The US Department of Agriculture has confirmed that a new rule allowing lemon imports from Argentina will take effect in May. The announcement follows last week’s trade talks between Donald Trump and Argentine premier Mauricio Macri.
However, imports will only be permitted to north eastern US states – a measure designed to appease Californian growers who claim a resumption of imports puts their industry under threat.
The USDA announced last December that it would lift the 16-year ban, but issued a 60-day stay on the decision following Trump’s inauguration in January, which it subsequently extended by another 60 days.
The statement said it would not be extending the stay again confirmed that the new import rule would take effect when the stay expires on 26 May.
Californian congresswoman Julia Brownley immediately issued a statement slamming Trump's decision, claiming it would "wreak havoc on American growers".
“Last week, President Trump spoke about his long-time friendship with Argentine President Mauricio Macri. Yesterday, President Trump threw the US citrus industry -- American growers and American workers – under the bus in order to deliver a favour to a personal friend," Brownley said.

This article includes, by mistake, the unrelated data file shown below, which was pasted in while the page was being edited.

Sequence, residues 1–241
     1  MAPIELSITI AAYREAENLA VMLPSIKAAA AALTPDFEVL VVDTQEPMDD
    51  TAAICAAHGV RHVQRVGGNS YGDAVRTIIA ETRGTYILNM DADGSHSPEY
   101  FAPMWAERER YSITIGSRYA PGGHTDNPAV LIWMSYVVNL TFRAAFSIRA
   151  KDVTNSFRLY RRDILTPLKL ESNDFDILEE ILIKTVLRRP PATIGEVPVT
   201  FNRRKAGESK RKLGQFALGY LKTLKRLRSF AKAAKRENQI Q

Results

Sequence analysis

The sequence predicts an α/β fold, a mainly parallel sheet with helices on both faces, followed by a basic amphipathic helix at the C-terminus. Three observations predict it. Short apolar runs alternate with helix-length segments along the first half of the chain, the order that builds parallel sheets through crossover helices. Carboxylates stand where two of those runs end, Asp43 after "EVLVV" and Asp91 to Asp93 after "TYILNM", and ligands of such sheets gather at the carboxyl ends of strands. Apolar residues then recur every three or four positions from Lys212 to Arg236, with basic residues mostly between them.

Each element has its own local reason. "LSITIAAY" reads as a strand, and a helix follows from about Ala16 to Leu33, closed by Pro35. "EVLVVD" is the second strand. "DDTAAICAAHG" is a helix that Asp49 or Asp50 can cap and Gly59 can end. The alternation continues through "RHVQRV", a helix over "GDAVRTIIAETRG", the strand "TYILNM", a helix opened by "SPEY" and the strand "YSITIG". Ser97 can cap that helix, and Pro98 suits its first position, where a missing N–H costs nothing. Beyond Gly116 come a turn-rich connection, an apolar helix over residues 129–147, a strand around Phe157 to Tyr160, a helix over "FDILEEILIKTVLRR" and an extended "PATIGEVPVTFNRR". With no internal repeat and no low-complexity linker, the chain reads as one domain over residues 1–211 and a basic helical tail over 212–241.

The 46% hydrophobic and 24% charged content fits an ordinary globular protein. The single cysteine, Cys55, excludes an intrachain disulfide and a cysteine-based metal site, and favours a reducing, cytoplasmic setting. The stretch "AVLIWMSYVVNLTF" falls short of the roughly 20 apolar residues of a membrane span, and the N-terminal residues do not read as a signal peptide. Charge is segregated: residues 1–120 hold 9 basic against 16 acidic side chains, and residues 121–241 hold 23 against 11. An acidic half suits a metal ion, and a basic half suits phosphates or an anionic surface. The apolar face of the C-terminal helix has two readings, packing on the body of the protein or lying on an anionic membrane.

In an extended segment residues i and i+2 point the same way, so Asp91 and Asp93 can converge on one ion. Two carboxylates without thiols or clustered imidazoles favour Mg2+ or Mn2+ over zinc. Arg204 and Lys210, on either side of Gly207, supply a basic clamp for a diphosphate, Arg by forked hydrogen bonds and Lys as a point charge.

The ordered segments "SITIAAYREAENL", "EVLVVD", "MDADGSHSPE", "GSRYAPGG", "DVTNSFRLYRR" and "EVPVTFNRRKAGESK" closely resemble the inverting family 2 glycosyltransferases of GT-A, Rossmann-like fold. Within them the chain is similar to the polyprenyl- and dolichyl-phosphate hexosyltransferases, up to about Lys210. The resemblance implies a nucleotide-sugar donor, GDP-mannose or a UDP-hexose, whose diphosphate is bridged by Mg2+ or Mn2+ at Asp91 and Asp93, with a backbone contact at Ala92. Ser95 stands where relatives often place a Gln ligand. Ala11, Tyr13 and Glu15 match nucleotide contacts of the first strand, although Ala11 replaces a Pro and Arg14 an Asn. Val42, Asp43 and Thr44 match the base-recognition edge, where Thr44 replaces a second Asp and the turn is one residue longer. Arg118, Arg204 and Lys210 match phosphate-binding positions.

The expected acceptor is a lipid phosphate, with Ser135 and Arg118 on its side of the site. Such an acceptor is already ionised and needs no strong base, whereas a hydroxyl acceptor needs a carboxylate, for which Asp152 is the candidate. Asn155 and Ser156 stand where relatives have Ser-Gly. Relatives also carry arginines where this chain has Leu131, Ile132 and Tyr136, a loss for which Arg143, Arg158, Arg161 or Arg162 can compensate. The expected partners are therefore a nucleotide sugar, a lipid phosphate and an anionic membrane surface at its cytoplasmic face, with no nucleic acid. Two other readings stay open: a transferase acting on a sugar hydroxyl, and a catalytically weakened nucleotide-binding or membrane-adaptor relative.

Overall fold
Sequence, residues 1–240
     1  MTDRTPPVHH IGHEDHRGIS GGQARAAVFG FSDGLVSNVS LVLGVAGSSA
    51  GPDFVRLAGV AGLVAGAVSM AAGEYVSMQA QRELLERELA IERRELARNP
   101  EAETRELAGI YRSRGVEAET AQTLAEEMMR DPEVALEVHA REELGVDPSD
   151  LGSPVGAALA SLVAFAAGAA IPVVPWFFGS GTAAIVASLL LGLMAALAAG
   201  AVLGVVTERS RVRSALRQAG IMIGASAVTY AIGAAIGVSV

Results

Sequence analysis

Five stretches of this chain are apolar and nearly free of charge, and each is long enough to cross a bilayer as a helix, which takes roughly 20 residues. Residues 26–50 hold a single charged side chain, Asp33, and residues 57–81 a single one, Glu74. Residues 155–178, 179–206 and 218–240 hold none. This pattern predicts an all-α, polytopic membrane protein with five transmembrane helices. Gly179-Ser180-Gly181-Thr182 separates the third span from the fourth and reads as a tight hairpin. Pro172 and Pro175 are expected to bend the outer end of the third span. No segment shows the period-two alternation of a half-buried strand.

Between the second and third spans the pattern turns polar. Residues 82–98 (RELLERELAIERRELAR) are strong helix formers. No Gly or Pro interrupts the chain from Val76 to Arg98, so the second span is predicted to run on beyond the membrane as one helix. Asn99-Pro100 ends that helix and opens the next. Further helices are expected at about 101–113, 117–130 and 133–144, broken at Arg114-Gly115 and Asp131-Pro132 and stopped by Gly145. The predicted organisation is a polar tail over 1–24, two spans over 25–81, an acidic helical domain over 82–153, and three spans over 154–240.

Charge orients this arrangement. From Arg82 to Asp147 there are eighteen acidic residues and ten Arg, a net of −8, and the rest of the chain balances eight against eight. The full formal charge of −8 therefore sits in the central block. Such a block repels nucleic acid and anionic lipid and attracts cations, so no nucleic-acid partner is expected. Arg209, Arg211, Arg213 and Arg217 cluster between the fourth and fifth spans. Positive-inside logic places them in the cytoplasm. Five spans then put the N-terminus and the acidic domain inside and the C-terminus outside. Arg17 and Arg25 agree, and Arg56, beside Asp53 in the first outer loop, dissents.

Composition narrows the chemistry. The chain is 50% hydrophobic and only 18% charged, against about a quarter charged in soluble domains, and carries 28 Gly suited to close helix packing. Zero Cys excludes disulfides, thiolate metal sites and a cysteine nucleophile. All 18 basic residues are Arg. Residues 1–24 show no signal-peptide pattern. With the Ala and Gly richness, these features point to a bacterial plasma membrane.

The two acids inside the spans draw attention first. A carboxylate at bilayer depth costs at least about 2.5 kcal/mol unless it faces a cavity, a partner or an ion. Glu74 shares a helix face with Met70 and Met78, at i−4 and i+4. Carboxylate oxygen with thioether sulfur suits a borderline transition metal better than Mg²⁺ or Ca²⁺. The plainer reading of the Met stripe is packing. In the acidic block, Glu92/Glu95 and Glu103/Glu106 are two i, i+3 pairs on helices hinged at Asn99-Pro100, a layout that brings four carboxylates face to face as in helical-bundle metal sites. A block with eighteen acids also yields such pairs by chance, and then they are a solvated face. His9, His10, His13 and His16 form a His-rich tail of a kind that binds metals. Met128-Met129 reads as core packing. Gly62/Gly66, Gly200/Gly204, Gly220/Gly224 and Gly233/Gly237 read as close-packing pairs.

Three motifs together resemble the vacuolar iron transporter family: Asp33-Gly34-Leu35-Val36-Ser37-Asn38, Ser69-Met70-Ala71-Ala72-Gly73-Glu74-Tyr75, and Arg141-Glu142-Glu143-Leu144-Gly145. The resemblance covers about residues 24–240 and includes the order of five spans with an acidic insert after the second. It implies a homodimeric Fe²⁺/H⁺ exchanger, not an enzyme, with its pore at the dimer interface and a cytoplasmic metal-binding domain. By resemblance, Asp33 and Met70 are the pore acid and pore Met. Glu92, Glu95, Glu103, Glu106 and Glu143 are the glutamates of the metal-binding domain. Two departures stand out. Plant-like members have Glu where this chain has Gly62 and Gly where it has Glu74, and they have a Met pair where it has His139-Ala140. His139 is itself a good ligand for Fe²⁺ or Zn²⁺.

"It is clear that Argentina does not have an inspection regime in place to prevent the spread of devastating, invasive pests and diseases. This decision will wreak havoc on American growers, and if pests and disease spread, it could result in the destruction of our domestic crops.”
Argentina is the world’s leading producer of fresh lemons with a crop of almost 1.5m tonnes per year, about 80 per cent of which comes from Tucumán. In 2015 the country exported 185,000 tonnes of lemons with a value of US$165m. The main destinations were the Netherlands, Russia and Spain.
The US suspended Argentina lemon exports in 2001 after Californian producers filed a lawsuit against the USDA claiming they were a threat to local production. Since then, Argentina has worked intensively to regain access to the market by showing that its lemons pose no phytosanitary risks.